Finally Jeff Walters is a fast food manager whose body has developed incredible speed but it's no fancy speedster power. Instead he finds himself literally unable to stay still for a second, with only Lenore's power working to slow him down, and his metabolism develops to the point where he has to consume an incredible amount every day just to survive, and thus often has to steal to get the food he needs. A wily prankster, his humour can grate at times yet often he's able to see a way through a close situation. He tries to maintain contact with his family and at one stage takes the rest of the group to his hometown in the hope that an exorcist can cure them.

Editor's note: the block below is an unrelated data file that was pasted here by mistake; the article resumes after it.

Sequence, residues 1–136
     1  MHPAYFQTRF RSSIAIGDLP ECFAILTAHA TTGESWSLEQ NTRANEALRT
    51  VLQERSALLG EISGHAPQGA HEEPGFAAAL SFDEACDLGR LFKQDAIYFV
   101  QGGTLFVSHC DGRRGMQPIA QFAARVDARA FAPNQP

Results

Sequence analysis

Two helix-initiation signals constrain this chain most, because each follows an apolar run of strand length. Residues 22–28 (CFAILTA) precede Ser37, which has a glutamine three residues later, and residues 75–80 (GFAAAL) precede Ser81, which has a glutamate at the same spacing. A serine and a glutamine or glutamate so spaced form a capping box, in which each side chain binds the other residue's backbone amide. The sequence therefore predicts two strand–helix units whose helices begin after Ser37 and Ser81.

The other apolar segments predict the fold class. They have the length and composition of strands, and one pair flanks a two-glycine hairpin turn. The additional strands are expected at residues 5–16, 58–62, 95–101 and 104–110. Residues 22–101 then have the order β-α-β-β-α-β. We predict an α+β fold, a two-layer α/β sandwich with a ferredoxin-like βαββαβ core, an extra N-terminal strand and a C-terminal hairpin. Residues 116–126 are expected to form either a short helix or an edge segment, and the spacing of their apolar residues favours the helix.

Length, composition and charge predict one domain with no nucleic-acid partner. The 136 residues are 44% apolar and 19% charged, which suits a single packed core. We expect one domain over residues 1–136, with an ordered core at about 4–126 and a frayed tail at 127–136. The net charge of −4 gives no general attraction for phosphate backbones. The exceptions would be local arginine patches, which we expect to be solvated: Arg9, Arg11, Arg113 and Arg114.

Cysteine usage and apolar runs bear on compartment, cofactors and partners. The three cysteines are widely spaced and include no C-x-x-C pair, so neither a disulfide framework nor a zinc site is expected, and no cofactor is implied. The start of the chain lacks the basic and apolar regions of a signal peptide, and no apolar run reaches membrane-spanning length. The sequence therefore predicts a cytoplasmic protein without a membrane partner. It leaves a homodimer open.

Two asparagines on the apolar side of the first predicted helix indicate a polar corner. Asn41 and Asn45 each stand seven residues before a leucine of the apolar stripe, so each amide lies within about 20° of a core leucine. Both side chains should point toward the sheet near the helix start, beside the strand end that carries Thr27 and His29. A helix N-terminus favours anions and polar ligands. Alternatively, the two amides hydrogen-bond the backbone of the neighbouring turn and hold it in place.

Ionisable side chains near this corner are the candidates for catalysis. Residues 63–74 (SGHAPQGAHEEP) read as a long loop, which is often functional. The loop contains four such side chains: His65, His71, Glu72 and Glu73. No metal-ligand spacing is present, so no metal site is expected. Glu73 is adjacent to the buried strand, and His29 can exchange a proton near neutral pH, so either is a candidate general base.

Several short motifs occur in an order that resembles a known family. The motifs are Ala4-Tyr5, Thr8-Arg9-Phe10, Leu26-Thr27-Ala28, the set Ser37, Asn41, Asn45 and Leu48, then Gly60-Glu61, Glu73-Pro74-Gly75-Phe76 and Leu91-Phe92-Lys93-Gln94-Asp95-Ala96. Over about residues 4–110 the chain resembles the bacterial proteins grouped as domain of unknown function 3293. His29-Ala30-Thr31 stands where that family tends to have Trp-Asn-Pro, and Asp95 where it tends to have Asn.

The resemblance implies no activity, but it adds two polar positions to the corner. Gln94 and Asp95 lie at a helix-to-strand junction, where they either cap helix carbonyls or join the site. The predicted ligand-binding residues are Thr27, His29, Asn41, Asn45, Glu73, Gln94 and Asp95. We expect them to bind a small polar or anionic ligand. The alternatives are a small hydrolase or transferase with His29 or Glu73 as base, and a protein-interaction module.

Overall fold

The volume covers the groups' escape from the clinic and attempts to evade recapture, along with their travails as they try to survive on the road and handle relations with their families. The clinic sends multiple agents after them, including a few paranormals with abilities such as projecting psycho plasm or being able to reverse and object's motion, along with more generic bounty hunters. Elsewhere there are problems with various local pests such as a motorcycle gang or a bizarre killing club of youths that are slaughtering livestock and collecting organs. Attempts to reunite with family members don't always go well, with a lot of trouble stemming from Stephanie's husband. There are also tensions within the group themselves as they squabble over what to do but also growing bonds such as David's crush on Stephanie and Charly's on Randy. Repeatedly this is a world where actions have nasty consequences, especially when David or Jeff hit out and cause very brutal injuries. This is a title that never once forgets that it is about ordinary people in an ordinary world that have suddenly had extraordinariness thrust upon them.